you are comparing spending virtually all waking hours engrossed in studying
the devar Hashem in the Holy Land to wasting time in a marginally religious 
summer camp in the Catskills?!!  This is an example of what I feel to be 
the one of the worst failings of religious Zionism - the drowning out of 
other paramount aspects of Judaism by the tunneled concentration on the 
supreme value of Medinat Yisra'el and Zionism in general.  If I were a 
principal, and I felt that a particular talmid would develop into a much 
better yerei shamayim in a "black-hat" yeshiva than in, say, Gush, it would
be my religious *obligation* to advise him to go to the former, despite my 
(religious) Zionist feelings and loyalty to my alma mater.  Same goes for 
parent and child.  We must be very careful, especially when considering 
how to direct the spiritual course of a Jew in his/her formative years, to 
not allow our religious Zionist ardor to skew the rest of our fundamental
religious outlook.

Gedalyah Berger
Yeshiva College / RIETS


From: <GERVER@...> (Mike Gerver)
Date: Mon, 28 Feb 1994 0:26:23 -0500 (EST)
Subject: Pronunciations

Mechael Kanovsky, in v11n79, says of a ba'al koreh in his shul,

> Every time that there is a shoorook (the vav with a dot in the
> middle) he pronounces it like a chirik (i.e. ee like cheese). This way a
> who (heh vav alef) becomes a he (heh yud alef), "veyikchu li trumah"
> becomes "veyikchee li treemah" etc. 

and feels that this is such a distortion of proper pronunciation that he
really should hear it again, done correctly.

Actually, this is standard Galitzianer pronunciation (I think, unless I
have my accents mixed up). R. Yitzchak Halberstam, a very good ba'al koreh
who sometimes leins at the early minyan Shabbat morning at the Bostoner
rebbe's shul, always uses this pronunciation, as a matter of family mesorah (he
is descended from the Sanzer rebbe). This is a particularly convenient minhag
for a lazy ba'al koreh to have, since of course in the Torah, the words "hoo"
(meaning "he") and "hee" (meaning "she") are both spelled he-vav-aleph, and
it is necessary for people who do not have this minhag to memorize which is
which. (Once an inexperienced gabbai, not being aware that Yitzchak always
pronounces shoorook as "ee" tried to correct him when he read "hee" and
said "No, it's "hoo," to which Yitzchak, without losing a beat, replied

You would think that Yizchak would take advantage of this, but no, it turns
out that he knows exactly which he-vav-aleph is "hoo" and which is "hee",
even though he pronounces them both as "hee" when he leins. The proof of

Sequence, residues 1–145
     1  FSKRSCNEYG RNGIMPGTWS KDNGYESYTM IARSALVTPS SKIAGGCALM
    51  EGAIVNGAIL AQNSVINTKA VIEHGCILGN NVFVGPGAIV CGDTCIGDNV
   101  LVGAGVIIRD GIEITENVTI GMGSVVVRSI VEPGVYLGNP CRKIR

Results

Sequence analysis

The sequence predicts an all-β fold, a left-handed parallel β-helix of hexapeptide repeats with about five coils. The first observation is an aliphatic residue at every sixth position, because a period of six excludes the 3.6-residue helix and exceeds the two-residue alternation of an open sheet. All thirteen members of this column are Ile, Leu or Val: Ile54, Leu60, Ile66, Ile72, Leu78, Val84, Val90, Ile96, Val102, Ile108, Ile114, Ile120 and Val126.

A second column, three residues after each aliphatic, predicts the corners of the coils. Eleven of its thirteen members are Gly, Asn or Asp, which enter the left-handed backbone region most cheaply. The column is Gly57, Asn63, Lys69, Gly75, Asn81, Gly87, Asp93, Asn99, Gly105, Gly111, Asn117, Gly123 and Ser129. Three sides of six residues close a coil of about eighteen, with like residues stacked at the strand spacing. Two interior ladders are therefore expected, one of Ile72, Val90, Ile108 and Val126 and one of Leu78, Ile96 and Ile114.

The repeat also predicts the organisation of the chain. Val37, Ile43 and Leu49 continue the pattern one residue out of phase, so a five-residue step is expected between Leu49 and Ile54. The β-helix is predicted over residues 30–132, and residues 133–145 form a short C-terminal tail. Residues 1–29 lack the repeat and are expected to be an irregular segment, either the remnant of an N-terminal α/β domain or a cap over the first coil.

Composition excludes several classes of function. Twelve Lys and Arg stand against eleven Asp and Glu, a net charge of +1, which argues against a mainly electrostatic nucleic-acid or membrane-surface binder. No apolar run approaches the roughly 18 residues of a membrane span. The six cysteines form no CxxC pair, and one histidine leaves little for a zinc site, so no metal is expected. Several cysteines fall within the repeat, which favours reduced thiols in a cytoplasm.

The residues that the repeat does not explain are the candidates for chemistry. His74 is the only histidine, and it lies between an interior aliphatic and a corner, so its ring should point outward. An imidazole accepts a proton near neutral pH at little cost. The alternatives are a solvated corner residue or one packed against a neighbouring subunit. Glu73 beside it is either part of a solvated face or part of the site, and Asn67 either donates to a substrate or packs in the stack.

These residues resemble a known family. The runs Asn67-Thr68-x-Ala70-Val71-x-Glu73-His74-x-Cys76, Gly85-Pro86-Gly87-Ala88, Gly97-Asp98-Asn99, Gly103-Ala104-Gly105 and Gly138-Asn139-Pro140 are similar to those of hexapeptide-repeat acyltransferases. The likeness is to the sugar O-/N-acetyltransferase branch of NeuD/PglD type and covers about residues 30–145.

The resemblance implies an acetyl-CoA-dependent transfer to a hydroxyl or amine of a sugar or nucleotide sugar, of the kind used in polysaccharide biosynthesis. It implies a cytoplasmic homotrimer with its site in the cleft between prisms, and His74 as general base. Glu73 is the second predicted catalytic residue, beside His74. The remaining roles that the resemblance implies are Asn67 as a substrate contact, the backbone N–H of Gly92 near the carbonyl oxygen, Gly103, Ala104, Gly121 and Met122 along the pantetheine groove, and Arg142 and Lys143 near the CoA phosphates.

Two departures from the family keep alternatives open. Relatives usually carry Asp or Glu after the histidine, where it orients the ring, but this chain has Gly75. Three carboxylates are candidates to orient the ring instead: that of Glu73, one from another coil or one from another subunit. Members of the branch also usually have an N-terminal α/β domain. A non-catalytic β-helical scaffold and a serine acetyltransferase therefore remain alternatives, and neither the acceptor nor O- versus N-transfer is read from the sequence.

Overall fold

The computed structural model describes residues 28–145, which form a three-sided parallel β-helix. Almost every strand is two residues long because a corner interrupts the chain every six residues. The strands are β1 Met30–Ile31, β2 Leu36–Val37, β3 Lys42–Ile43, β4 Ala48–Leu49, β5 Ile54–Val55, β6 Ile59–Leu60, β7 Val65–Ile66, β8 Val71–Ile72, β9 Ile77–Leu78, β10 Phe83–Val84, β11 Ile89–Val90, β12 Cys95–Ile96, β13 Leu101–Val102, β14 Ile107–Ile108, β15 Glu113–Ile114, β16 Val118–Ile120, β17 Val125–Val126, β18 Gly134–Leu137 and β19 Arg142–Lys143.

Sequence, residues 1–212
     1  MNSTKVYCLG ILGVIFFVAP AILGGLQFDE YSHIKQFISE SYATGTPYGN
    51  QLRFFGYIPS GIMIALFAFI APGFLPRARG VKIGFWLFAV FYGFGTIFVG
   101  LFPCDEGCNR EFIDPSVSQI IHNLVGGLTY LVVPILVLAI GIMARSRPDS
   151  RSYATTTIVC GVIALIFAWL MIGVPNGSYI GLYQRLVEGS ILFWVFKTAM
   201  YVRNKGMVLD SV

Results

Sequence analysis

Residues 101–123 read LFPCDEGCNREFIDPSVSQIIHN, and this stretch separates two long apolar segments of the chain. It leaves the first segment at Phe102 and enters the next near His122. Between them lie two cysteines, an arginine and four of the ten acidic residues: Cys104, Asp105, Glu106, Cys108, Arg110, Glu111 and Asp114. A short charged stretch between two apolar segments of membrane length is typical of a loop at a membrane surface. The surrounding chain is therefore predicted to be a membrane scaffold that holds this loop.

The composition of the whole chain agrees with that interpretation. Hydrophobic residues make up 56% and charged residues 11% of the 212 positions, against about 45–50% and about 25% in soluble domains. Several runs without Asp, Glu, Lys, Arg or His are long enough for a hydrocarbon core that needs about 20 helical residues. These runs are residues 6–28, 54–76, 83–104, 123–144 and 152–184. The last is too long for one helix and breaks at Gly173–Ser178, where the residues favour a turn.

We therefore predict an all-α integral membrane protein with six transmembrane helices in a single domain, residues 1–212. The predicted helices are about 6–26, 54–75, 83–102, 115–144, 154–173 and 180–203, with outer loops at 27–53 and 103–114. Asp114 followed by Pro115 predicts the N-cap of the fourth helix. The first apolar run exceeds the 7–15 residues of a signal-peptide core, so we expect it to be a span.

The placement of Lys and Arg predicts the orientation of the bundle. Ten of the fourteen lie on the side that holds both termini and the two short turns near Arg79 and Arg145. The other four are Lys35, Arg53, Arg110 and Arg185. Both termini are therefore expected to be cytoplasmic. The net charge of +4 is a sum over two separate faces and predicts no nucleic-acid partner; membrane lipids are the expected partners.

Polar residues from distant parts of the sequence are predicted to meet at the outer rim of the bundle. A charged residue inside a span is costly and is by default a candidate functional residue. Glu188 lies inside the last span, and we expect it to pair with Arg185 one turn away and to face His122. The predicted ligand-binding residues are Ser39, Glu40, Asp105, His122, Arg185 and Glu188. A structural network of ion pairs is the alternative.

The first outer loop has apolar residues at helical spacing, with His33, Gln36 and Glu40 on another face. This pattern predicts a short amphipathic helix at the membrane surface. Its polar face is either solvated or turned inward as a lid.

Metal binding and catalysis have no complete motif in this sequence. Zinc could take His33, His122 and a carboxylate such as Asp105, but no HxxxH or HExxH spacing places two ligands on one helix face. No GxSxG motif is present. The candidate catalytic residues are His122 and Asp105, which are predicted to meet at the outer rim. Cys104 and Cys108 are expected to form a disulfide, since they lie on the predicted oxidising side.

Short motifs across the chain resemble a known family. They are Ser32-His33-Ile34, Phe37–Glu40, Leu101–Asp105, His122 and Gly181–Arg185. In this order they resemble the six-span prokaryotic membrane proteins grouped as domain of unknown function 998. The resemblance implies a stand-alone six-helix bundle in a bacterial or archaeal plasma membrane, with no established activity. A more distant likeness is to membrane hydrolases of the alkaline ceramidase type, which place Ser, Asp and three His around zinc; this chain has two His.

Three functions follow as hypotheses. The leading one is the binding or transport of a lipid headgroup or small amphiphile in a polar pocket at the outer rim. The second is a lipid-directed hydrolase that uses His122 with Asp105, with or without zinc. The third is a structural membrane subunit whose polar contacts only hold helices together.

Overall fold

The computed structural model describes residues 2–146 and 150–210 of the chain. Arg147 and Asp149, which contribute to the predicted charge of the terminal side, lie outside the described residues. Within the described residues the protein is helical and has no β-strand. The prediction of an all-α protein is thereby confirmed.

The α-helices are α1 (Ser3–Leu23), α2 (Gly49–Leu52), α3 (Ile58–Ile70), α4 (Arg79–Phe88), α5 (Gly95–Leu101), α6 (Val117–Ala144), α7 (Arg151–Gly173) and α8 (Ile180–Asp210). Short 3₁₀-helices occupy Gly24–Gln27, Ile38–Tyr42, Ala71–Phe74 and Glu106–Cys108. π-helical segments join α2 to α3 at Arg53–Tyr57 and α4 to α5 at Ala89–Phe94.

this comes when R. Moshe Cohn, the principal emeritus of Maimonides School,
and often the only kohen at the early Shabbat morning minyan, gets an
aliyah. R. Cohn usually is the first to catch any error made by a ba'al
koreh, and will call out a correction from his seat, with obvious delight,
as I can see because I sit next to him on the occasions when I go to the
early minyan. (He is also a connoiseur of Yiddish women's names on the
yahrzeit plaques, and is in many other ways an entertaining gentleman to
sit next to.)  I don't ever recall him catching an error made by Yitzchak
Halberstam, though. When he gets an aliyah, he reads along in standard
Ashkenazic pronunciation (being from Germany), and distinguishes between
"hoo" and "hee" even though Yitzchak does not. If he reads "hoo" when it
should be "hee", or vice versa, however, Yitzchak corrects _him_.

Mike Gerver, <gerver@...>


From: <JDENKBERG@...> (Jay Denkberg)
Date: Sun, 27 Feb 1994 02:48:45 -0500 (EST)
Subject: Shaymos

What is the opinion of MJers regarding deleting the soft version
of Divrei Torah on disk and what happens when I make a hardcopy.

Jay Denkberg

[We have had some discussions on this back awiles, my memory of the
conclusions were that there is no issue of "Sheymos" for soft versions
of Divrei Torah on disk or in memory etc. There is also no real issue of
Sheymos for printed copies, because with everything in English, it never
has the Kedusha / holiness of one of the Names of Hashem. One issue that
I don't know if we fully dealt with is that even if it is not true
Shaymos, and this also applies to the people who make photostats of
Seforim for giving a shiur in shul on Shabbat, sys, is that if it is
Divrei Torah it should not be treated with "bezayon" - in a disgraceful
manner. So what should one do? Is recycling the paper a good method? All
thoughts welcome. Mod.]


From: Yitzchok Adlerstein <ny000594@...>
Date: Sun, 27 Feb 94 17:09:45 -0800
Subject: Study in Israel